Contrast that with earlier sets Jakub had been on, where there was “weird, internal competition for screen time and the attention of the director. Older actresses who were losing the battle with time struggled with their age and took it out on me.” That, and both male co-stars and producers making her “the object of inappropriate affections.”
Pierce seems to get high marks, too, as they invited him out for lunch a few years ago, to celebrate the film’s anniversary.
Speaking of the kids, Lisa Jakub was paired with Matt Lawrence and Mara Wilson early in auditions, in what she called a “pre-pubescent amalgamation.” They “instantly connected. We adored each other, and I jumped at the chance to have siblings, if only for an afternoon.”
5. Robin helped guide Lisa Jakub with her mental health.
Robin Williams wanted Lisa Jakub to avoid what she aptly describes as the “well-worn path for a lot of kid actors”: substance abuse. She recently told Yahoo! Entertainment that “That that was a route that he had gone down with addiction and that it just made everything worse. And I think, as a 14-year-old kid actor, it’s a really good story to get.”
They also had honest discussions about his anxiety, a mental health concern they shared. “He would talk to me about mental health issues in a way that 14-year-olds aren’t usually used to adults being really open about those sorts of personal experiences with them.”
6. The crew of the film aren’t suitable candidates for the job of nanny.
Late in the movie, after Mrs. Doubtfire’s fired, Sally Field’s Miranda interviews on more candidate for the nanny. According to daughter Lydia’s list, her name is Paula DuPré.
DuPré was the associate producer, whose career often saw her working with director Chris Columbus. Initially an assistant on Home Alone 2: Lost in New York, she would work with him as an associate producer on Bicentennial Man, and the first three Harry Potter films.
The other dumped chumps? Jacqueline Shea, the production coordinator, art department coordinator Kristen Ross, and office production assistant Erik Ross. (The list also mentions a “Laura Morris”, who wasn’t credited as part of the crew.)
7. San Francisco didn’t play it cool while the movie filmed.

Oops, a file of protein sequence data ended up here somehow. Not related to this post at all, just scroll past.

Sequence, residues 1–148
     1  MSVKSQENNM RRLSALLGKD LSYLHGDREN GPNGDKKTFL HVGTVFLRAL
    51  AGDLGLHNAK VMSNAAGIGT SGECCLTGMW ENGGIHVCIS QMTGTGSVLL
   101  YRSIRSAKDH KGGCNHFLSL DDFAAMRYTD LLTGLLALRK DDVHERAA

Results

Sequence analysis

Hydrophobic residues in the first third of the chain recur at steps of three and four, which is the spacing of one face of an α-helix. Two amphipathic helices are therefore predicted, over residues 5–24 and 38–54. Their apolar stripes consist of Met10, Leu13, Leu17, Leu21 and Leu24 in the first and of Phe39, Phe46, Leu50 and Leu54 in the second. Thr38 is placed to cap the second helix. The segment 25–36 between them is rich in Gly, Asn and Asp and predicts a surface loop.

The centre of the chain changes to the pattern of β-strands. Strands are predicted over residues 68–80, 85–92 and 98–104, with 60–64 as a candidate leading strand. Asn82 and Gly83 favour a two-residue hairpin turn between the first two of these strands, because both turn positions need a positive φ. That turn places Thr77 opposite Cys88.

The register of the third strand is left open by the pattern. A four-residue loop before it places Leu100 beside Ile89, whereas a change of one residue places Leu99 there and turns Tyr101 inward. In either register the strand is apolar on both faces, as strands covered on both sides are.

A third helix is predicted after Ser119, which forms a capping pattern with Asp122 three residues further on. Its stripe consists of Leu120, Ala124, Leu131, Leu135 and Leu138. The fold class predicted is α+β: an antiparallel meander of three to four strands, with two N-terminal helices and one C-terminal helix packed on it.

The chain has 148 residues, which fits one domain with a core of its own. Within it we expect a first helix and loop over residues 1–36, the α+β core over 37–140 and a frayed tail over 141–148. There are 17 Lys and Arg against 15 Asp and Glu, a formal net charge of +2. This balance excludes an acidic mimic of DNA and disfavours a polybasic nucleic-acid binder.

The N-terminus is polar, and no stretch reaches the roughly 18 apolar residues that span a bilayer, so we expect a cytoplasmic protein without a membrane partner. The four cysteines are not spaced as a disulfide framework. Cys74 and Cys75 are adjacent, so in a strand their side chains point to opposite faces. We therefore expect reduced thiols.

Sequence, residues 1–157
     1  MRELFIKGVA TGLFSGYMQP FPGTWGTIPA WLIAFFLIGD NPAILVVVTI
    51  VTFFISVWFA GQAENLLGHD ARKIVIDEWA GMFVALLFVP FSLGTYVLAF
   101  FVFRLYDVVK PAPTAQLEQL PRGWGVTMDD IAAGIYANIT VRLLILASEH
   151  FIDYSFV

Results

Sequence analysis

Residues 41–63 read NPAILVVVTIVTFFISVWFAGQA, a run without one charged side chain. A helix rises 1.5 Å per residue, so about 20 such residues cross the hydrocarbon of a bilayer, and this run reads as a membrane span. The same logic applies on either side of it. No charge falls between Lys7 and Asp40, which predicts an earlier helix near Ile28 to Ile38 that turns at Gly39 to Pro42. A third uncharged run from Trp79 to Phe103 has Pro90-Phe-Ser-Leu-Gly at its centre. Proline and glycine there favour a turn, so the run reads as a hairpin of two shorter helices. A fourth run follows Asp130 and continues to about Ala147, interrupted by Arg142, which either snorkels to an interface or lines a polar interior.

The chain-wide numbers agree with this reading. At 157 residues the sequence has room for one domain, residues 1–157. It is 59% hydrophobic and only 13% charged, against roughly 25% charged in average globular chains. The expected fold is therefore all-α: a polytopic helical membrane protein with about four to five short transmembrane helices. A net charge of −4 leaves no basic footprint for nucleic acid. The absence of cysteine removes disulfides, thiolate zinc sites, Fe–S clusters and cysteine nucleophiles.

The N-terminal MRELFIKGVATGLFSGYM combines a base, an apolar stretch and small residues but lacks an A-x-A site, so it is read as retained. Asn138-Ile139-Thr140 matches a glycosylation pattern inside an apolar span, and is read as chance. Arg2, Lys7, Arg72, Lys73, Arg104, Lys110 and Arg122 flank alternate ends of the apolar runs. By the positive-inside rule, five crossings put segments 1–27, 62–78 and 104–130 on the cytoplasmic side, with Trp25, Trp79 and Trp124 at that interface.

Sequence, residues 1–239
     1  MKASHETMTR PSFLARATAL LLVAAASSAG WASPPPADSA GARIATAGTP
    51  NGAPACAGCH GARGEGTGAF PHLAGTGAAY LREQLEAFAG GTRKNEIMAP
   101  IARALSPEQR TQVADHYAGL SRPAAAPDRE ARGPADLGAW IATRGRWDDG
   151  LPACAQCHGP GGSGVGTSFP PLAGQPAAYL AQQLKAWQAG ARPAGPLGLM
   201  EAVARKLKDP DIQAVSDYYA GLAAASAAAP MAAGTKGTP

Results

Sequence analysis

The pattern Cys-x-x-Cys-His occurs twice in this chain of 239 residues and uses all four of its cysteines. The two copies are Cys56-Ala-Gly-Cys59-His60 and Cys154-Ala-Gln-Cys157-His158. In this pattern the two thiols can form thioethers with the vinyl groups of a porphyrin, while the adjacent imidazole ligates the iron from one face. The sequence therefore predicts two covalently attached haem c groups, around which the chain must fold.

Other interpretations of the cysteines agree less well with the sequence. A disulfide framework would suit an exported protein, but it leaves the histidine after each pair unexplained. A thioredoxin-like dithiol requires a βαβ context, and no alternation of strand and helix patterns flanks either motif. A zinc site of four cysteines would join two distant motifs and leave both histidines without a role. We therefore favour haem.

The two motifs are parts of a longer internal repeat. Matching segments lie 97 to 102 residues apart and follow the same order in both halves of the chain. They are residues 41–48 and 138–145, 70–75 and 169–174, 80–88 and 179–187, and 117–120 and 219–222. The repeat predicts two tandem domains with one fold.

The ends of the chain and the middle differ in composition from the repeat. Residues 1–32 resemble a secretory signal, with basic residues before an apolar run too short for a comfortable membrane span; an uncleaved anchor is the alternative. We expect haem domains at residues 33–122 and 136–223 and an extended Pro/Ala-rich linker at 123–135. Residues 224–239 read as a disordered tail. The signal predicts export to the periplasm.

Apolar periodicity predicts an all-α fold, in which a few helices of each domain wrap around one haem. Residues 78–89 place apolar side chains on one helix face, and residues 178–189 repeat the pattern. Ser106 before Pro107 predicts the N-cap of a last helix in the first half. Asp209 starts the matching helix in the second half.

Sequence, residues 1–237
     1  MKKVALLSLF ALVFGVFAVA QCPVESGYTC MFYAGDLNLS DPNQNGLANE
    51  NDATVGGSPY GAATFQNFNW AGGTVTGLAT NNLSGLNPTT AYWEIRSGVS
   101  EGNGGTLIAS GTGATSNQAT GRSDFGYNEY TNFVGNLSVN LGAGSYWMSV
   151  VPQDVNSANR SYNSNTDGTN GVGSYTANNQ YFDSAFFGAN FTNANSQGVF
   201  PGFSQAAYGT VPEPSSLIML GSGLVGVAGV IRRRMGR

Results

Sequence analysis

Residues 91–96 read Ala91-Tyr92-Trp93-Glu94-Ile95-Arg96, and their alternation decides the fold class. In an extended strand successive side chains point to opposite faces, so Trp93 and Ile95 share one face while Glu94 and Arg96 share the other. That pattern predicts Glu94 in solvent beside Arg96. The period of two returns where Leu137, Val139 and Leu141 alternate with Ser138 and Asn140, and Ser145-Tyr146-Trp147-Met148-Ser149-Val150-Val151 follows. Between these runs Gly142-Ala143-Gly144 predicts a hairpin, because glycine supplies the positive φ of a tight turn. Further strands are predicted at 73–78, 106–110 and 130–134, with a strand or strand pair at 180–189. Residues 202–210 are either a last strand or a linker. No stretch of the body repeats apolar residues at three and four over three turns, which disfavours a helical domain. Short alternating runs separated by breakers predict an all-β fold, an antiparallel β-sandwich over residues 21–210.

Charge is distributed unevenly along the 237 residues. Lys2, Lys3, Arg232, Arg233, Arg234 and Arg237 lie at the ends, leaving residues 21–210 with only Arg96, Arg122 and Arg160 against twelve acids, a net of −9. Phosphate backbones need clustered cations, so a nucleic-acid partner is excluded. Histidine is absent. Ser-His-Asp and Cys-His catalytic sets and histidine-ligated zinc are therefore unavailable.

Lisa Jakub was assigned a “massive and kind-hearted man” named Fuzzy, a member of the Hells Angels. In her memoir, she recalls there being “mobs of people behind police barricades; some brought coolers, prepared to spend hours, if not days, desperately trying to get a look at anyone who was working that day… I felt like a gazelle in front of a pride of lions who had brought their own video cameras and lawn chairs.”
While she was safe throughout filming, she imagined what would happen in a breach. Picking her up, “he would run me off into the sunset, far from the maniacal movie fans, our long ponytails flapping simultaneously in the wind.”
9. Euphegenia’s House bears a striking resemblance to a San Francisco kids TV show, Buster and Me.
Disillusioned by his time in Hollywood, actor and comedian Chris Pray returned to his hometown of San Francisco. Hired by the Children’s Programming Department at KRON-TV, Pray and Robin Goodrow would co-create a series called Buster and Me (1979 to 1987).
A sitcom for preschoolers, the series featured two chimps and an orangutan, with a human as their mother figure. The series tackled all sorts of serious issues, including divorce. In at least one episode, Pray appeared in drag, as a female character.
Indeed, Buster is a dead-ringer for Kovacs.
Robin knew Chris from the improv comedy scene, and invited him to the film.
(Kovacs is likely a reference to Ernie Kovacs, one of television’s earliest comedians, known for his experimentation and spontaneity.)
10. Mrs. Doubtfire is coming to Broadway
On October 21, Mrs. Doubtfire will hit the stage in New York City, with opening night planned for December 5. Originally opened for previews back on March 9, 2020, it had to turn off its marquee on March 12, for the COVID-19 pandemic.
It wasn’t the first crack at a stage version. Alan Menken (The Little Mermaid), David Zippel (the upcoming West End production of Disney’s Cinderella), and the movie’s own Harvey Fierstein.
There have been other adaptations. In 2003, Alias Madam Doubtfire became Madame Doubtfire, a French TV movie. (It’s found its way onto YouTube.) In 2013, the show was adapted for Greek television as a three-hour special. The premise was also used for three unofficial adaptations, in Tamil, Hindi, and Sinhala.
Will you re-watch Mrs. Doubtfire? What’s your favorite part? Or will this you or your kids’ first viewing? Let us know in the comments.
Nick Moreau writes about vintage Disney content, on WhatsOnDisneyPlus.com and DisKingdom. He works at an archives, delving into his community's past.